'Higher Tax On Cigarettes Results In Lower Consumption'

A survey conducted by the think tank Capital Calling has shown that one in every 94 smokers has quit smoking after the prices of cigarettes went up

'Higher Tax On Cigarettes Results In Lower Consumption'

Islamabad: Consumption of cigarettes in Pakistan has come down after the government took the bold decision to raise taxes on the injurious product. The higher taxes helped address the challenges of public health and revenue generation. 

A survey conducted by Capital Calling, a think tank, has shown that one in every 94 smokers has quit smoking after the prices of cigarettes went up.
Endorsing the think tank's findings, Dr Aman Khan, director of the Islamabad-based Waseela Foundation, said: "The government's decision to increase taxes emerged as a strategy to address both public health concerns and revenue deficits."

The government finally agreed to increase taxes on cigarettes following persistent lobbying by numerous anti-tobacco and health activists. 
In a groundbreaking move, the FBR elevated duty on tier-1 cigarettes from Rs130 to Rs330, resulting in a significant net increase of 154% in cigarette prices. The decision helped increase cigarette revenues from RS148 billion annually to Rs200 billion in the current fiscal year. 

Capital Calling conducted the survey in major cities of Pakistan, including Islamabad, Rawalpindi, Lahore and Peshawar.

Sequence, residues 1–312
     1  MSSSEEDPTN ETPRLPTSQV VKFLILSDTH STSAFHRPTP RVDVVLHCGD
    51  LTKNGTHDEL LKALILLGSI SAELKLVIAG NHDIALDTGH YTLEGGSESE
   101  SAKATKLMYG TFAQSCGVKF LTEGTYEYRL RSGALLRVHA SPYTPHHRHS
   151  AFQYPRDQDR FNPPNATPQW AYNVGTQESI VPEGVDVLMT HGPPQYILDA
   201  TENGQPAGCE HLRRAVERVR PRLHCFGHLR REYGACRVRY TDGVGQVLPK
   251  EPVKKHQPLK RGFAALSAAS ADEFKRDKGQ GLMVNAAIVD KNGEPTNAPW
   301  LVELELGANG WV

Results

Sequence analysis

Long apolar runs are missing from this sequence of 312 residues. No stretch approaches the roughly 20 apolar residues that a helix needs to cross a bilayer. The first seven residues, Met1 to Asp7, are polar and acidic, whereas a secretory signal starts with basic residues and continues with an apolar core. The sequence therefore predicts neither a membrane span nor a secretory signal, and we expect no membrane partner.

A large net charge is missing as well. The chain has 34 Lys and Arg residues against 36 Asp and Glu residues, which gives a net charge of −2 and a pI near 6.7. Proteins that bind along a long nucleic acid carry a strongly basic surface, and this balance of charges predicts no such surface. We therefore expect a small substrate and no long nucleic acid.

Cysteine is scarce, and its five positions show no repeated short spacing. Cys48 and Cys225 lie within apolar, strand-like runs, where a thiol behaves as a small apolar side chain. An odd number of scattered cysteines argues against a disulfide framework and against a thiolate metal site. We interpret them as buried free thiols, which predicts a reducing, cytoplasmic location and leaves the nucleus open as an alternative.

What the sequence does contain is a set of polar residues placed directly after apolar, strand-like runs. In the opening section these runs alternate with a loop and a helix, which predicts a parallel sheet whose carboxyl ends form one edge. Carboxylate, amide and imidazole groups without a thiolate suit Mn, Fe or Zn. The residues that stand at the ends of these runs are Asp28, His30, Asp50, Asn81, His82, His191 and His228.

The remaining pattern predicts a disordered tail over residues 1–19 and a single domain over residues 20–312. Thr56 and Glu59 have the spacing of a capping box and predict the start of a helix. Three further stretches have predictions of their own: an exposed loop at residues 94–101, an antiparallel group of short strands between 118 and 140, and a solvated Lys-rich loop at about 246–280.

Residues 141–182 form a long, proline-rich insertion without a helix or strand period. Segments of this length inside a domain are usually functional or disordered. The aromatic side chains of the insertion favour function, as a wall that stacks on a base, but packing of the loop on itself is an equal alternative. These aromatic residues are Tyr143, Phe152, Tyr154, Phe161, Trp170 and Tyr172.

Smokers told the surveyors that purchasing cigarettes had become financially burdensome, leading them to prioritise spending on essential items such as food and the education of their children instead of smoking.

The survey found a positive relationship between higher taxes on cigarettes and their lower consumption. Needless to say, the cigarette industry has been causing staggering losses of approximately Rs620 billion annually in terms of diseases, including cancer, chronic respiratory diseases, and cardiovascular disease, besides 337,500 deaths each year.

Pakistan lost a staggering Rs567 billion in potential revenue due to the influence of two Multinational cigarette companies (PTC & PMI) lobbying for low taxes over the past seven years. 

"Despite losses on various fronts, including public health and revenue, pervasive propaganda has been a hindrance to implementing higher taxes," Dr. Aman said.

It has also been reported that the actual share of illicit and illegal cigarettes in the market is not more than 18%, contradicting inflated claims of 40% by multinational cigarette companies. This 18% share included smuggled brands from the very multinational companies that had been making the inflated claims.

Evidence suggests the sales of cigarettes will witness a further decrease in the coming months across Pakistan if the government maintains the taxes or further increases them.